I make this recipe often for a quick week night dinner, as well as serve it when we have company. It’s great for both because there’s little prep and it cooks quickly. Not to mention that it is absolutely delicious. Also pretty darn healthy (you only need a little bit of the glaze for each serving). Its presentation is nice too. Fancy. Like you know your way around the kitchen:)
Some helpful hints before you start: 1) make sure that you pat the salmon pieces dry before you salt and pepper them and add them to the pan. Otherwise the liquid on them will ‘steam’ instead of sear. 2) Before you add the balsamic mixture to the very hot pan, remove it from the burner. And if there is any oil remaining in the pan, remove it (otherwise it will inhibit the sauce from reducing). Add the mixture off heat and then return skillet to burner. And most important, 3) once the balsamic mixture is added to the pan let it reduce until it gets syrupy. Believe me, you are going to think it is finished before it gets to that stage (or you are going to think that it is at that stage when it really isn’t). It’s not that the sauce still isn’t good – its scrumptious. It’s just thinner (see pic below)
and, therefore, the flavors aren’t as concentrated. Reducing it down to the syrup stage isn’t going to leave you with a lot – but you don’t want to cover the fillet with it – rather just drizzle the sauce over the salmon. Don’t be off put if you need a couple of tries to figure out the timing to reduce it to the stage you prefer. It will be worth it!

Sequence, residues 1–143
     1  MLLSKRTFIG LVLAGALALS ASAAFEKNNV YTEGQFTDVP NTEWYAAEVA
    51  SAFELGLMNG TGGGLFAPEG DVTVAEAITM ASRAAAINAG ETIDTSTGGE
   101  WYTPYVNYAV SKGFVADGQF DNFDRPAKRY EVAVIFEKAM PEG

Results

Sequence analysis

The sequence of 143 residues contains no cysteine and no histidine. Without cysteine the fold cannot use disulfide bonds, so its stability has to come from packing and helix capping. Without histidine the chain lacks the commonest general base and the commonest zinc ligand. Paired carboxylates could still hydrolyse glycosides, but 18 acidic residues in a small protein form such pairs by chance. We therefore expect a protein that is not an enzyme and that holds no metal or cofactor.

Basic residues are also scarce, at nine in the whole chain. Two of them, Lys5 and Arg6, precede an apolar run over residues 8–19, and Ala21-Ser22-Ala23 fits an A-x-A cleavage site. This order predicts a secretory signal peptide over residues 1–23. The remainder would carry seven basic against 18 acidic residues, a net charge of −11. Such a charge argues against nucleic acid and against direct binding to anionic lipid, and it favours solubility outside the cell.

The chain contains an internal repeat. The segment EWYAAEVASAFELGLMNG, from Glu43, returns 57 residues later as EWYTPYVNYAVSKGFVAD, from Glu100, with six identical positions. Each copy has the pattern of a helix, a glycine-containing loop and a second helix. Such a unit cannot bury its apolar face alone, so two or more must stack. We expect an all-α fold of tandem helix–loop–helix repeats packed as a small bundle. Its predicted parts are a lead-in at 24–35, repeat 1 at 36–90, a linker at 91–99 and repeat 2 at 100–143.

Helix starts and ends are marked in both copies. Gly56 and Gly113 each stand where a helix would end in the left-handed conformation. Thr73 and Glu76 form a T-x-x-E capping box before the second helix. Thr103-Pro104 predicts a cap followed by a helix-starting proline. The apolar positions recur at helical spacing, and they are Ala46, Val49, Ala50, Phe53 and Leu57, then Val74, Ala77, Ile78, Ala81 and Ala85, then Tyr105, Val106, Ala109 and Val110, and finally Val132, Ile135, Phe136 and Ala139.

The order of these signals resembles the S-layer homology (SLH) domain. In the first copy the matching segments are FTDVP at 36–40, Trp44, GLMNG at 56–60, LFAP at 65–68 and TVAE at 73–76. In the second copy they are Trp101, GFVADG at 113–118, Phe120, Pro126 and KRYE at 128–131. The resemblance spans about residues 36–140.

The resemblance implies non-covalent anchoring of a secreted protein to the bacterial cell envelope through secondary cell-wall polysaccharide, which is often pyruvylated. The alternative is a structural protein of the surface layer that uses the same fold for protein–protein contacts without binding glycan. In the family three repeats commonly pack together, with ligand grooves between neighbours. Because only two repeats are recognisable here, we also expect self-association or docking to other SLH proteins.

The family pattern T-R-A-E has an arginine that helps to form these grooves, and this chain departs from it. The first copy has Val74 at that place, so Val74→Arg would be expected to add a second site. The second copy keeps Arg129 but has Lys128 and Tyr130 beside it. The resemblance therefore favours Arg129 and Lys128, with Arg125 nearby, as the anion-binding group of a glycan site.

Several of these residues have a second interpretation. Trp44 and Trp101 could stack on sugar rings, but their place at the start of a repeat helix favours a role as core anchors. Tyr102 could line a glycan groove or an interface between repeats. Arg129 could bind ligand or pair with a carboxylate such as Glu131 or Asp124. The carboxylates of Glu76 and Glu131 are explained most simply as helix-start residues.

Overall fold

Seared Salmon with Balsamic Glaze (adapted from Gourmet, Nov. 2000)
- 1/3 cup balsamic vinegar
- 3 T. water
- 1.5 T. fresh lemon juice
- 4 tsp. brown sugar
- 4 salmon fillets
- salt & pepper
- 2 tsp. olive oil
Stir together the vinegar, water, lemon juice and brown sugar in a small bowl.
Pat dry the salmon fillets, season with salt and pepper. Add heat oil in a 12 inch skillet* set over medium high heat until hot but not smoking (the oil should shimmer). Sear salmon, skin side up, until well browned, about 4 minutes. Turn fish over and sear until just cooked through, another 3 to 4 minutes depending on the thickness of the fillets and your preferred level of ‘doneness’ (rare, medium-rare, etc.).
Transfer salmon to plate (cover with foil if you’d like to keep warm). Remove skillet from burner, and if there is oil in the pan, empty it. Add vinegar mixture to skillet off-heat (it will bubble vigorously and steam so be careful). Return to burner and, on a high simmer, stir until thickened and reduced to about 3 tablespoons, 3 – 6 minutes usually (depending on skillet type, range heat, etc.) This, however, is one sauce that you can tell is done by its ‘syrupy’* consistency.
*I always spray my skillets with non-stick cooking spray before using.
*I still, occasionally, misjudge the timing of the sauce and serving it thinner than I had meant to. Still delicious – still receives high praise from guests.
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